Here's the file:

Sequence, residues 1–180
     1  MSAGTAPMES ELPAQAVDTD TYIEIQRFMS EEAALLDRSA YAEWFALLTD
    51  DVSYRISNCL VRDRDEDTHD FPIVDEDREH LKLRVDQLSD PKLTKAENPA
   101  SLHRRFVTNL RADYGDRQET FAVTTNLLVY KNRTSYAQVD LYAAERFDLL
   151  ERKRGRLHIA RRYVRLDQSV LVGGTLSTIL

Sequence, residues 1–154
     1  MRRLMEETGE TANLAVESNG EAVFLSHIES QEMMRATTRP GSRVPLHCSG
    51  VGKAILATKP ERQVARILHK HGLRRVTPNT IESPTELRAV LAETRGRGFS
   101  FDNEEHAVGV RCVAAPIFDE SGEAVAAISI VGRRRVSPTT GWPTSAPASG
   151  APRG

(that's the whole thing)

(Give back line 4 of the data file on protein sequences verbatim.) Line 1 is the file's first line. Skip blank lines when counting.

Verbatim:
   101  SLHRRFVTNL RADYGDRQET FAVTTNLLVY KNRTSYAQVD LYAAERFDLL